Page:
While abundance-matching techniques provide a simple, zero parameter model for how galaxies populate halos, a richer understanding of the physical properties involved may be gained by performing HOD modeling. Zheng et al. (2007) use HOD modeling to fit the observed luminosity-dependent galaxy clustering at z ~ 0 measured in SDSS with that measured at z ~ 1 in DEEP2 to confirm that at both epochs there is a tight relationship between the central galaxy luminosity and host halo mass. At z ~ 1 the satellite fraction drops for higher luminosities, as at z ~ 0, but at a given luminosity the satellite fraction is higher at z ~ 0 than at z ~ 1. They also findthat at a given central luminosity, halos are ~ 1.6 times more massive at z ~ 0 than z ~ 1, and at a given halo mass galaxies are ~ 1.4 times more luminous at z ~ 1 than z ~ 0.
Zheng et al. (2007) further combine these HOD results with theoretical predictions of the growth of dark matter halos from simulations to link z ~ 1 central galaxies to their descendants at z ~ 0 and find that the growth of both halo mass and stellar mass as a function of redshift depends on halo mass. Lower mass halos grow earlier, which is reflected in the fact that more of their z ~ 0 mass is already assembled by z ~ 1. A typical z ~ 0 halo with mass 3 × 1011 h-1 M has about 70% of its final mass in place by z ~ 1, while a z ~ 0 halo with mass 1013 h-1 M has ~ 50% of its final mass in place at z ~ 1. In terms of stellar mass, however, in a z ~ 0 halo of mass 5 × 1011 h-1 M a central galaxy has ~ 20% of its stellar mass in place at z ~ 1, while the fraction rises to ~ 33% above a halo mass of 2 × 1012 h-1 M. They further find that the mass scale of the maximum star formation efficiency for central galaxies shifts to lower halo mass with time, with a peak of ~ 1012 h-1 M at z ~ 1 and ~ 6 × 1011 h-1 Mat z ~ 0.
At 1 < z < 2, Wake et al. (2011) use precise photometric redshifts from the NEWFIRM survey to measure the relationship between stellar mass and dark matter halo mass using HOD models. At these higher redshifts r0 varies from ~ 6 to ~ 11 h-1 Mpc for stellar masses ~ 1010 M to 1011 M. The galaxy bias is a function of both redshift and stellar mass and is ~ 2.5 at z ~ 1 and increases to ~ 3.5 at z ~ 2. They find that the typical halo mass of both central and satellite galaxies increases with stellar mass, while the satellite fraction drops at higher stellar mass, qualitatively similar to what is found at lower redshift. They do not find evolution in the relationship between stellar mass and halo mass between z ~ 2 and z ~ 1, but do find evolution compared to z ~ 0. They also find that the peak of star formation efficiency shifts to lower halo mass with time.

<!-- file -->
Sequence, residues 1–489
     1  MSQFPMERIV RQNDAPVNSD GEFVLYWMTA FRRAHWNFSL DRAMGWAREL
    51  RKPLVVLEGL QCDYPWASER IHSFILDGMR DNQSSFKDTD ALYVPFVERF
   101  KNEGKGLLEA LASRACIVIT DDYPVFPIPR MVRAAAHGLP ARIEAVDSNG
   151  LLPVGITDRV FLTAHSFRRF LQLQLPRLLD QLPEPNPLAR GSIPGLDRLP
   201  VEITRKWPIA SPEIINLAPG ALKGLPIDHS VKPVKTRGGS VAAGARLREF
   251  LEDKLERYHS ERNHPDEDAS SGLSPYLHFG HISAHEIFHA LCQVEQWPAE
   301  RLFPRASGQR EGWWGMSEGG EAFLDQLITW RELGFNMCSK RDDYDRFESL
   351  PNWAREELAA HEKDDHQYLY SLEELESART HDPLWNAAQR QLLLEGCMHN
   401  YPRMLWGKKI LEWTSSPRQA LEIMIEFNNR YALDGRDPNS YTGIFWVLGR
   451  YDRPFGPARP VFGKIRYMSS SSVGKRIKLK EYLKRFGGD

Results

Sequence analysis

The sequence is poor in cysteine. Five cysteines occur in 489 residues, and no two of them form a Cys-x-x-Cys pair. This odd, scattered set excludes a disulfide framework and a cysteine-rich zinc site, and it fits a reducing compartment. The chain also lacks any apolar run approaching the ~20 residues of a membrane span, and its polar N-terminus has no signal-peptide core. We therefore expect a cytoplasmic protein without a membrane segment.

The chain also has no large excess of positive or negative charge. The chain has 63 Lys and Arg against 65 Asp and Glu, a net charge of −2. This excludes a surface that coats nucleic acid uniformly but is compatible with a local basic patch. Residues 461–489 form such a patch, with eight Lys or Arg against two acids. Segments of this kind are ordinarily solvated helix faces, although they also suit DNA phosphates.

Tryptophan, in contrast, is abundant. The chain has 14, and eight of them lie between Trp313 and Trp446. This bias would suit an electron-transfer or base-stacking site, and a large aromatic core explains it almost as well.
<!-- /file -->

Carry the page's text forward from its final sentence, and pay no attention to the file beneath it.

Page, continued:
Simulations can also be used to connect different observed galaxy populations at different redshifts. An example of the power of this method is shown by Conroy et al. (2008), who compare the clustering and space density of star forming galaxies at z ~ 2 with that of star forming and quiescent galaxies at z = 1 and z = 0 to infer both the typical descendants of the z ~ 2 star forming galaxies and constrain the fraction that have merged with other galaxies by z = 0. They use halos and subhalos identified in a CDM N-body simulation to determine which halos at z ~ 2 likely host star forming galaxies, and then use the merger histories in the simulation to track these same halos to lower redshift. By comparing these results to observed clustering of star forming galaxies at z ~ 1 and z ~ 0 they can identify the galaxy populations at these epochs that are consistent with being descendants of the z ~ 2 galaxies. They find that while the lower redshift descendent halos have clustering strengths similar to red galaxies at both z ~ 1 and z ~ 0, the z ~ 2 star forming galaxies can not all evolve into red galaxies by lower redshift, as their space density is too high. There are many more lower redshift descendents than there are red galaxies, even after taking into account mergers. They conclude that most z ~ 2 star forming galaxies evolve into typical L* galaxies today, while a non-negligible fraction become satellite galaxies in larger galaxy groups and clusters.
In summary, N-body simulations and HOD modeling can be used to interpret the observed evolution of galaxy clustering and further constrain both cosmological parameters and theoretical models of galaxy evolution beyond what can be gleaned from z~ 0 observations alone. They also establish links between distinct observed galaxy populations at different redshifts, allowing one to create a coherent picture of how galaxies evolve over cosmic time.